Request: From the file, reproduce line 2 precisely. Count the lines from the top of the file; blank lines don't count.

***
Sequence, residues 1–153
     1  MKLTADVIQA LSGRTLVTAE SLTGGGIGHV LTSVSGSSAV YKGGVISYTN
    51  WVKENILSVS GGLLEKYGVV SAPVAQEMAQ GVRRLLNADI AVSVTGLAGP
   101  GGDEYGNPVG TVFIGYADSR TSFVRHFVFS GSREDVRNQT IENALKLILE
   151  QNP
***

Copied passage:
     1  MKLTADVIQA LSGRTLVTAE SLTGGGIGHV LTSVSGSSAV YKGGVISYTN